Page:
Ecology is also a question of time: how long do harmful substances remain in the biological cycle? How long do new environmental protection rules and procedures take to have an effect? In order to find answers to these questions, it’s very useful to be able to look back into the past. Which is why the Fraunhofer Institute for Molecular Biology and Applied Ecology IME collects and stores samples from all over Germany on behalf of the German Federal Environmental Agency. The Environmental Specimen Bank is located in Schmallenberg, in the Hochsauerland region, and its collections date back to the 1980s. The samples were taken from typical ecosystems found in the country and represent different levels of the food chain. For the marine environment, for example, bladder wrack, mussels, fishes and birds’ eggs are collected. Information on the types of samples and the results of the analyses can be found at “We currently hold about 2,100 homogenates from particular years in our 60 cryostorage tanks,” explains Dr. Heinz Rüdel, Head of the Environmental Specimen Bank. “To take one example, that includes the fillets of 20 fishes from a particular section of river from the same year. They are pulverised in a cryogenic mill and mixed to produce a homogeneous mass. This is then divided into 200 individual samples, giving us an adequate supply for retrospective analyses for many decades to come.” To ensure that the samples remain unchanged over a long period of time, their storage temperature must be below minus 130 degrees Celsius. Below this glass transition temperature of water, ice crystals are no longer formed. The actual storage temperature of minus 150 degrees is ensured by a constant supply of liquid nitrogen. In the process, it is vital that the gas supply in Schmallenberg is never interrupted and that the institute’s storage tank is always full. It is also necessary to ensure that the gas is grade 5.0 high-purity nitrogen. “The gas comes into direct contact with the samples, so any impurities would accumulate in the containers, with a potentially adverse effect on the samples. This is effectively prevented by the high degree of purity,” Dr. Rüdel points out.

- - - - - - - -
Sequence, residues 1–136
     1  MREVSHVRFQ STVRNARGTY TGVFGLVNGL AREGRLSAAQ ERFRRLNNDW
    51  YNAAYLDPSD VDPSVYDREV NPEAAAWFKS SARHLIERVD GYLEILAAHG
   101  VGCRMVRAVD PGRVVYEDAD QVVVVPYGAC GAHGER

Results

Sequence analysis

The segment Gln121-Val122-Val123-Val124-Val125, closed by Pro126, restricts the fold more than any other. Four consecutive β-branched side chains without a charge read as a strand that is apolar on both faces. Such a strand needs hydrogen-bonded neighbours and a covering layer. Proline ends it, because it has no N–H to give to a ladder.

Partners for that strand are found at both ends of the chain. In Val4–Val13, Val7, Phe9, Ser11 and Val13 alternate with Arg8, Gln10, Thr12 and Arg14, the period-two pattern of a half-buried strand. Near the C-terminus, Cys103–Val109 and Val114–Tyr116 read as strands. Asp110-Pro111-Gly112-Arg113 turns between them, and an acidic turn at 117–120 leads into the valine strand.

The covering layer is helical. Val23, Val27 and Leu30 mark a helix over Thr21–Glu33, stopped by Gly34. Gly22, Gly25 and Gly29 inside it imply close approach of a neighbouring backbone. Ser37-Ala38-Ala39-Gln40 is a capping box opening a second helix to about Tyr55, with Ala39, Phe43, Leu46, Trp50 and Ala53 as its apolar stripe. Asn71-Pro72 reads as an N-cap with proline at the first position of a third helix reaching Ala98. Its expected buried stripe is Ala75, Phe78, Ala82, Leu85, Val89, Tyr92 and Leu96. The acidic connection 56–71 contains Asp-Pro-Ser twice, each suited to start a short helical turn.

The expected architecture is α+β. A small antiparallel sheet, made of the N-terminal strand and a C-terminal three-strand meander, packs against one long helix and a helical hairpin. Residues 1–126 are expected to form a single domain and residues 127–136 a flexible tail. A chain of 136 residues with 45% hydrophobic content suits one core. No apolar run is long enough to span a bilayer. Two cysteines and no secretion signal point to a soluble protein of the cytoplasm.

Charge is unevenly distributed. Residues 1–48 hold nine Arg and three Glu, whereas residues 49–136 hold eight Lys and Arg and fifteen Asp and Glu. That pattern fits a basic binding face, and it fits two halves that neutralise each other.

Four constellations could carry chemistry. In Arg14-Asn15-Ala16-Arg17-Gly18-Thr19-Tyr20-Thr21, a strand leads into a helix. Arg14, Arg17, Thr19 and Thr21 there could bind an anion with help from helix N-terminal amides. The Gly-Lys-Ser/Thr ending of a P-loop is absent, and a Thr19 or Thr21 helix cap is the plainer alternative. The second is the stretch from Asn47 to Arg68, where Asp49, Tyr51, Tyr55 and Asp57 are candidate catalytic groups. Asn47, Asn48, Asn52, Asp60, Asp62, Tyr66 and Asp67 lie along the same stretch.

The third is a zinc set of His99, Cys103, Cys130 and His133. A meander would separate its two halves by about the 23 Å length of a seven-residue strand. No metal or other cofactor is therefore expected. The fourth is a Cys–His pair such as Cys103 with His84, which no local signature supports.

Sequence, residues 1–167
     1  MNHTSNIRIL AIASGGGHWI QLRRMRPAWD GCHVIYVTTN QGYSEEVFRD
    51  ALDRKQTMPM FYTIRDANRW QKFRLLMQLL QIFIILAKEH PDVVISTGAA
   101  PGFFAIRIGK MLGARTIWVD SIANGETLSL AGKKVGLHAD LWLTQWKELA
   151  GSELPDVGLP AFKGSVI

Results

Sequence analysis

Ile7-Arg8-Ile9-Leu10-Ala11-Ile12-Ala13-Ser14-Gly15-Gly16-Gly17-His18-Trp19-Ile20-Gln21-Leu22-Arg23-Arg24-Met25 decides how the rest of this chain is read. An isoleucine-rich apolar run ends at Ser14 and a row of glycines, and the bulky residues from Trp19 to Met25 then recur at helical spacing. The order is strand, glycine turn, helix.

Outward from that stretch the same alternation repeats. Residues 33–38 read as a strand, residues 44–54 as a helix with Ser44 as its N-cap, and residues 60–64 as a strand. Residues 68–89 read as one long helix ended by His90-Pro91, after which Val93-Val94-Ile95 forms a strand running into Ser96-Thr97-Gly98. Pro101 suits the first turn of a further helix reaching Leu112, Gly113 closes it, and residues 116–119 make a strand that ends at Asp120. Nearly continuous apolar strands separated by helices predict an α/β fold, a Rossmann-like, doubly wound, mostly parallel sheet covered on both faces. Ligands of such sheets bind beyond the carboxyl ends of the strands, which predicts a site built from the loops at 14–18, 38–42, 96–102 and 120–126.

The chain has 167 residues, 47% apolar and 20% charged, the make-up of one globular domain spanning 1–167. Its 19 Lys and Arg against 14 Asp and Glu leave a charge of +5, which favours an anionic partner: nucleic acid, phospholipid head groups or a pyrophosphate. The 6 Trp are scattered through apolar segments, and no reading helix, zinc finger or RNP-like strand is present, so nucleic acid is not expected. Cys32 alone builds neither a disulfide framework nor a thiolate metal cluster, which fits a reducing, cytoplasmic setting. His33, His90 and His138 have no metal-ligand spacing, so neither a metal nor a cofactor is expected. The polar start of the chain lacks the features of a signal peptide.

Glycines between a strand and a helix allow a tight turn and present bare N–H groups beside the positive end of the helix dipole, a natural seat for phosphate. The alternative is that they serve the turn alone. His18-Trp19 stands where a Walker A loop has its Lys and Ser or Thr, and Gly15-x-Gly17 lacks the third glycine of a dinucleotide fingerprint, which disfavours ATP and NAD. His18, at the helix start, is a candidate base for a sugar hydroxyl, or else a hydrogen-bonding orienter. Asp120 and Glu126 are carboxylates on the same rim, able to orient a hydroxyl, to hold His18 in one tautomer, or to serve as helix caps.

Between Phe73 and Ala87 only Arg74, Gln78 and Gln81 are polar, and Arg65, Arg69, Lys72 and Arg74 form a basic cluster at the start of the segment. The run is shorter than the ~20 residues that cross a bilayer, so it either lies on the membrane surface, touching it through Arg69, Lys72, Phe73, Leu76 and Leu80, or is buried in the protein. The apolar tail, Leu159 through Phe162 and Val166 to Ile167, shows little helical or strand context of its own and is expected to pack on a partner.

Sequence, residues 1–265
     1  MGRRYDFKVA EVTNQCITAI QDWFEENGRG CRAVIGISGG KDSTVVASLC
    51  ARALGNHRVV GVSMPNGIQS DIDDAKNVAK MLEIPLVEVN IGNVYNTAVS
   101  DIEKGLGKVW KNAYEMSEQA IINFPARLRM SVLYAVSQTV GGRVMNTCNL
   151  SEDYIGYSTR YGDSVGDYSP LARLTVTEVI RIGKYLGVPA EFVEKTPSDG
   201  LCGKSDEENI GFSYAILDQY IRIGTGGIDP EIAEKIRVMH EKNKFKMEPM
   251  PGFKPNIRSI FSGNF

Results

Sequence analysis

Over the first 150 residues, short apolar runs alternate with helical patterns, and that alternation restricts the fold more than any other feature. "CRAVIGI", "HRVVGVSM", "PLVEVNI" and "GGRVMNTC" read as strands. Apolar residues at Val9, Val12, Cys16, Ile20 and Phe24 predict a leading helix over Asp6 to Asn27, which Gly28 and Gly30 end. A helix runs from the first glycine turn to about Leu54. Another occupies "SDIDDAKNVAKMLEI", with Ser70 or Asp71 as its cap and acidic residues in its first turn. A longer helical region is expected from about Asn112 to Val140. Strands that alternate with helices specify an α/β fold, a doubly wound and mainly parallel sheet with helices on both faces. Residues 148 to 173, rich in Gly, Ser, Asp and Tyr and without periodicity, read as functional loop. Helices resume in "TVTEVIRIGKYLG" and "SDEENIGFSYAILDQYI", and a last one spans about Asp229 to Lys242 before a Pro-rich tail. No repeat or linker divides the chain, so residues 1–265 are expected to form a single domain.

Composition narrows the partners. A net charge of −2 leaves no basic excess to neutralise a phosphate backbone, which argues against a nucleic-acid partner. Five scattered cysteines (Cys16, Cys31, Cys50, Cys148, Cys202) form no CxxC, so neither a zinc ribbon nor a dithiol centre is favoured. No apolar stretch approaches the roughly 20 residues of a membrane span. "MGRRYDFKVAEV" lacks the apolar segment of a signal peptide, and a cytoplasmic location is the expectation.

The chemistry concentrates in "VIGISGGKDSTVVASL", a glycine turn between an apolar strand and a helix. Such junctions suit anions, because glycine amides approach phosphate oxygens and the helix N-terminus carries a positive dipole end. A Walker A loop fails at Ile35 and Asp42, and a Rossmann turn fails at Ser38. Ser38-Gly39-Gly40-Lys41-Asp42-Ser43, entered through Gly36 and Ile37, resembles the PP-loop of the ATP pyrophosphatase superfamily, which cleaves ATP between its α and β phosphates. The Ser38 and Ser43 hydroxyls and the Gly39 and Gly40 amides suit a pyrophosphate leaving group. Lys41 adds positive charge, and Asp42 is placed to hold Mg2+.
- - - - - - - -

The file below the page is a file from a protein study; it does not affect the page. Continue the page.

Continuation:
Precision with very small samples